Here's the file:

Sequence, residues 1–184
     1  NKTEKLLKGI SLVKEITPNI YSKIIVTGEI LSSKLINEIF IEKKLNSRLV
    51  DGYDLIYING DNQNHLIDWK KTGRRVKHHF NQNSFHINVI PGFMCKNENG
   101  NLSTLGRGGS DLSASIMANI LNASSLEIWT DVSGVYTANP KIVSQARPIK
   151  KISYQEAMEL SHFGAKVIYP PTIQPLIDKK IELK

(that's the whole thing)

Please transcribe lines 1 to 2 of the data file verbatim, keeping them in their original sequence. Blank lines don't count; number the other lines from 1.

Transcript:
Sequence, residues 1–184
     1  NKTEKLLKGI SLVKEITPNI YSKIIVTGEI LSSKLINEIF IEKKLNSRLV